The Hoonigan Car Pack debuted for Forza Motorsport 7 at the
launch of the game last October but remained exclusive to those who had
pre-ordered digital copies of the racing title from either the Xbox or Windows
Store. It also released
for Forza Horizon 3 last August as the final piece of downloadable content
for the open-world racer.
For those who missed out on the Hoonigan Car Pack in Forza Motorsport
7 due to its digital pre-order restriction, then you can now finally add the
cars from the pack to your Car
Collection with its long-awaited standalone release. Accompanying
Content Update releasing on Tuesday, June 5th, fans who don’t already own
the Hoonigan Car Pack can choose to purchase it separately for $6.99, or if
they’re a Forza
Motorsport 7 Car Pass holder, they’ll instantly receive the cars included
at no additional cost.
That’s right. Those who own the Car Pass can finally ‘hoon’
away in Forza Motorsport 7 with the June Content Update without having to drop
a single penny. If it’s been a while since you’ve explored the Hoonicorn and
the rest of the family, here’s a quick refresher of the seven cars included in
the Hoonigan Car Pack with the official descriptions from Turn 10 Studios.
You may have thought the 845-horsepower AWD Hoonicorn from
Gymkhana 7 would be impossible to top, but this is Ken Block and Hoonigan we
are talking about. In the realm of Hoonigan, there are no limits, so when Block
got an idea for a new tire-destroying video concept, he decided he needed more
power. To get there Vaughn Gitten Jr.’s RTR tuning shop employed two monster
turbos, one red, one blue to go with the new patriotic livery, and started
feeding the 6.7-liter V8 methanol.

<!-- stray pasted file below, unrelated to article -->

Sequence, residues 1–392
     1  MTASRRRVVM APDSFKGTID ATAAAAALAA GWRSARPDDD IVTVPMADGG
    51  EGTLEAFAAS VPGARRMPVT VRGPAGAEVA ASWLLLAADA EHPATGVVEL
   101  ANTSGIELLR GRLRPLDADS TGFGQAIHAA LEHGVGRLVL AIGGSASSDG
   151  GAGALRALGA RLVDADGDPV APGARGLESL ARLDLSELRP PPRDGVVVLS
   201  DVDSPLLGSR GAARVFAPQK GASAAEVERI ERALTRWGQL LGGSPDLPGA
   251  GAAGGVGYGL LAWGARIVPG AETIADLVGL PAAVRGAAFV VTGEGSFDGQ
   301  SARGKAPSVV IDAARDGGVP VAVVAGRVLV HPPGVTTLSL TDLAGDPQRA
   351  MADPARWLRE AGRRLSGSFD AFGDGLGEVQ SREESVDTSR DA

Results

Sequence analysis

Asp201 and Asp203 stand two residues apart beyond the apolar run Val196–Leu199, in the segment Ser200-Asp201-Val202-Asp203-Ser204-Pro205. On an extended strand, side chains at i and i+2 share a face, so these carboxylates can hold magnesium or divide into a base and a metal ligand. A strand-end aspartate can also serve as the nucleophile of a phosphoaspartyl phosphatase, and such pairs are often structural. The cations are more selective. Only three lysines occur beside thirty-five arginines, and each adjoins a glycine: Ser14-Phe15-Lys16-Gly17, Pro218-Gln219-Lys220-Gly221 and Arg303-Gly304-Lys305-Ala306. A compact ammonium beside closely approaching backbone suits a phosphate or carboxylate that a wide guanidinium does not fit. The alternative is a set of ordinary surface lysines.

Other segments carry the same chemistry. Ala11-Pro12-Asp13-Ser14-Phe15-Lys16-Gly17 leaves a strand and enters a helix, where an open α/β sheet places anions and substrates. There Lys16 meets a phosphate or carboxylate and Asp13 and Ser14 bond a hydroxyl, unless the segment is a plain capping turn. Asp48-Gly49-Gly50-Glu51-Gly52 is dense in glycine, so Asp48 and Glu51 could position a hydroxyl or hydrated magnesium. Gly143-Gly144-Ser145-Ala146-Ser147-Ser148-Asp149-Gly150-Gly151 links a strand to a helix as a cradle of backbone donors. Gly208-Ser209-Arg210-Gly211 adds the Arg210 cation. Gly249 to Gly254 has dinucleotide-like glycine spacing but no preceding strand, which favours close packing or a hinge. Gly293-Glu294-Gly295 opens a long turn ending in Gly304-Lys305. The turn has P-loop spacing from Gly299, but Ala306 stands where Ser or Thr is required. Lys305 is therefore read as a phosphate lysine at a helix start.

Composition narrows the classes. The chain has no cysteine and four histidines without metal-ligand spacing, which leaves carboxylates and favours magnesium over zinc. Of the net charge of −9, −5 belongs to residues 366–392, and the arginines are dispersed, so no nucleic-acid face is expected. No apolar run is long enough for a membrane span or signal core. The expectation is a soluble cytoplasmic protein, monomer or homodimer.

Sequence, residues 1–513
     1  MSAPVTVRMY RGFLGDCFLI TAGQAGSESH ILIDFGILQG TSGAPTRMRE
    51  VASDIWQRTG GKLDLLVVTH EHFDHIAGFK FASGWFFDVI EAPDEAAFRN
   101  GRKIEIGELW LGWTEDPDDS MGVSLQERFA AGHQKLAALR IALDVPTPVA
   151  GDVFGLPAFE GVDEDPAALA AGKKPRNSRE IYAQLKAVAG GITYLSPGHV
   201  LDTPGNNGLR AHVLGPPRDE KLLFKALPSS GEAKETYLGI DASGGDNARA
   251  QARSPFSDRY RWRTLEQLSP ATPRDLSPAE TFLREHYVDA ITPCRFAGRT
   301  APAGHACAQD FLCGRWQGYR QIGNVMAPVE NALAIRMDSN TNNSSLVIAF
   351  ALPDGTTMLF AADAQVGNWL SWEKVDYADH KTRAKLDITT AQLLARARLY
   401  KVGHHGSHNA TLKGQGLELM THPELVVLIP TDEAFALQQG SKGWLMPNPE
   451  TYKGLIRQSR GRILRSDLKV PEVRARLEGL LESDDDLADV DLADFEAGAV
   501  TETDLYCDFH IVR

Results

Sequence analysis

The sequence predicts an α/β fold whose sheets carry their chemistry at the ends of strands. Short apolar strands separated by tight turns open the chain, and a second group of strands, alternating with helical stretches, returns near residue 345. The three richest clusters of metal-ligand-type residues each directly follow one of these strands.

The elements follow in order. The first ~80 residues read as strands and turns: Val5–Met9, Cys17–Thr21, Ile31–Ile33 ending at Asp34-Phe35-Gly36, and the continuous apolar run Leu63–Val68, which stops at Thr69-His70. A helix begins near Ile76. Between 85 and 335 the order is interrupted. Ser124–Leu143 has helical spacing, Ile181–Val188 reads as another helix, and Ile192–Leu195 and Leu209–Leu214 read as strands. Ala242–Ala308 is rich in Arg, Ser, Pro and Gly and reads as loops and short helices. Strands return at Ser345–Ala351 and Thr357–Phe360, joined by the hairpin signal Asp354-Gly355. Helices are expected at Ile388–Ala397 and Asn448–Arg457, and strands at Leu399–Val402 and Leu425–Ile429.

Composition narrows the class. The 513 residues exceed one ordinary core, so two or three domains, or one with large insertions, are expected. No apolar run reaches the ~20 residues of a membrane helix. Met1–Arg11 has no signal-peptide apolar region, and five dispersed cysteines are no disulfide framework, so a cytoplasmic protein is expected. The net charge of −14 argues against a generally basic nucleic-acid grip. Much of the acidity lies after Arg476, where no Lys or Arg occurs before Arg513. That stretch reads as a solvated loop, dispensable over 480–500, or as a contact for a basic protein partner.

With a conservatively rated 1,400 horsepower, perhaps the
Hoonicorn will breathe enough fire to quell the horsepower hungry Hoonigan? For
now, at least, the upgrades seem to have earned praise and respect from Block,
who called it, “the absolute most frightening thing I’ve ever driven.”
The Twerkstallion is powered by a Chevrolet LS V8, although
Hert (he of the Hoonigan Garage) later swapped it back to a turbo-charged
rotary, and so can you in Forza. What the LS power means is massive torque from
idle to screaming redline, which will come in handy as you put the power down
and get sideways in a car that was quite literally built to drift.
The Mazda RX-7 FC has always been a go-to drift car and it’s
no wonder, given its incredible weight distribution and light weight. Kitted up
from the ground up with bulging lines, massive wheels, and the gorgeous lines
from its original form, you will be hard pressed to find a better car to drift,
hoon, or simply burn tires than the Twerkstallion.
How do you get the respect of those who consider everything
Porsche sacred and those who love the most extreme looks on the road? Possibly
the only person who knows is Akira Nakai of RWB. For years, Nakai-san has been
creating unique “rough-world concepts” that the average car-lover sees as
extreme wide-body street designs. When Hoonigan’s Brian Scotto wanted to build
his dream Porsche, he went to Naikai and this was the result.
The turbo-charged flat six has been left mostly alone but
the suspension has been highly-modded to not only accept the massive set of
custom Fifteen52 wheels but also to provide a smooth ride without sacrificing
grip. The car debuted at SEMA in Las Vegas after being driven 850 miles shortly
after being finished; proof that the job was done right.
What started as one of the most beloved cars ever built by
Ford, became – true to its rally roots – a tarmac focused stage rally car for
Ken Block. That destiny was taken to yet another degree over the course of two
years while Hoonigan transformed it yet again. Visually the TRA Kyoto Rocket
Bunny kit sets the tone for the Gymkhana-destined Escort. Under the hood is the
ultimate Escort engine, a Millington Diamond Series II.
The alloy block and head weigh less than 200 pounds and make